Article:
This chapter always brings up the idea that God has “freed” the Jews – and everyone else – from having to obey the dietary restrictions in the Law. I have posted a separate topical study about clean and unclean foods, examining each occurrence of the subject in the New Testament, and whether that is what THIS chapter of Scripture is teaching. I do not believe it is.
Furthermore, I do not agree that the Scriptures teach that the death of Jesus and His resurrection has “freed” us from obeying God or His commandments. First, I just want to point out, that this incident took place 3-1/2 years after Jesus rose from the dead. In those 3-1/2 years, Peter continued to obey the dietary laws. Notice he says that he has never eaten anything common or unclean? He is going by the definition of clean and unclean food, given in the Torah (Lev 11). The resurrection of Jesus did not change Peter’s eating habits. If the theology is, now that Jesus has been crucified and raised from the dead, the Law has been done away with and Jesus has declared all foods clean, what was Peter doing still obeying the dietary laws for 3-1/2 years?
He continued in the dietary law because Scripture is very clear that believers are to continue to obey God and His commandments (Jer 31:33, Eze 36:25-27, and many other places in the Old Testament, Joh 14:15, Rom 3:31, and many other places in the New Testament).
But His death and resurrection has freed us from earning our salvation by obedience to the Law (Gal 2:16). (In fact, Moses does not teach that the purpose of the Law is to earn salvation, see God’s word gives life to those who find it.) Praise God! The death and resurrection of Jesus has freed us from the penalty disobedience to the Law earns for us, which is death (Rom 2:12-13, 3:21-26). This is an important distinction, because a belief that Jesus has “freed” us from obedience to God’s will as expressed in the Law (Mat 7:21-23, Rom 2:17-20, 1 Joh 3:4) has opened the door of acceptance in the Church for all manner of unrighteous behavior which is condemned in the Law.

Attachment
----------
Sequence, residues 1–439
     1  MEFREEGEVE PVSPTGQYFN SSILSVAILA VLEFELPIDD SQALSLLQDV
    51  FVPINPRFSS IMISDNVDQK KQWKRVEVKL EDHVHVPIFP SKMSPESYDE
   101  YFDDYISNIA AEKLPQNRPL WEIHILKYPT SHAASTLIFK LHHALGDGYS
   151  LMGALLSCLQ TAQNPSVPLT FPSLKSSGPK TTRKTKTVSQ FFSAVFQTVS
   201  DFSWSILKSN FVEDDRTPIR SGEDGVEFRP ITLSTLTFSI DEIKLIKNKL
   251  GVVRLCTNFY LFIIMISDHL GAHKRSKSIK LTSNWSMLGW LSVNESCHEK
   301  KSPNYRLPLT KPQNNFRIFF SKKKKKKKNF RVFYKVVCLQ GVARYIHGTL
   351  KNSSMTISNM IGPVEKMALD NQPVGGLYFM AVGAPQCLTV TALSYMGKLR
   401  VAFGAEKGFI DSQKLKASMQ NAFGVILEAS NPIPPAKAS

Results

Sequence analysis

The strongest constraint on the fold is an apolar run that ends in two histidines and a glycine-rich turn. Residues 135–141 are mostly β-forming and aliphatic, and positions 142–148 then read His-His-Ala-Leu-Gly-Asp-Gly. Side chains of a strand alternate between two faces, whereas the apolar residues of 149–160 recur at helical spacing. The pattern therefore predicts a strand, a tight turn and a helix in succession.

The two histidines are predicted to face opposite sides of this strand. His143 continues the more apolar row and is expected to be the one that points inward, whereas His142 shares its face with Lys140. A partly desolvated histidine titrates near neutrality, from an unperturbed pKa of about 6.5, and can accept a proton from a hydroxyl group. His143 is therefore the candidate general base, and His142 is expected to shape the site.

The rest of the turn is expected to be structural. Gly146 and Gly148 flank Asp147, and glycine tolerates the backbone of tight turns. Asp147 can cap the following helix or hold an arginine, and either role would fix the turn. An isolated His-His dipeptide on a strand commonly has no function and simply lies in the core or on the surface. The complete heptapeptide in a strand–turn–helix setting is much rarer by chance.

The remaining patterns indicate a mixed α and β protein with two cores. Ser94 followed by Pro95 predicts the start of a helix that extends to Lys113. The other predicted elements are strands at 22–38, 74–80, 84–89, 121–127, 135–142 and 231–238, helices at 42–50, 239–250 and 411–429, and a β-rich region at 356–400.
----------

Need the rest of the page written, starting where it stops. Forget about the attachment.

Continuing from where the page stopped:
So Peter then tells the household of Cornelius in this chapter in Acts, that the Lord showed him (using the vision of the great sheet) that He had cleansed all men (i.e., the Gentiles, Act 10:28), and that Peter was no longer to consider any man unclean for a Jew to associate with. The vision did not mean that all animals were now fit to eat, but that all men were now clean in God’s sight.
The Jews did not associate with Gentiles, because Gentiles were pagan idolaters, and idolatry was abhorrent to them. But now, God extended salvation to the Gentiles. A saved Gentile is not a pagan idolater. We know this is the correct interpretation of the vision, because while Peter was preaching, even before he got to the altar call, the Holy Spirit fell on all the Gentiles present, and Peter knew it because they started speaking in tongues, as Peter and the rest of the disciples had on the Day of Pentecost in Acts 2.
FYI, the salvation of Cornelius, and the opening of the door of ministry to the Gentiles, heralds an important fulfillment of prophecy (please see daniel 9 and the abomination of desolation series).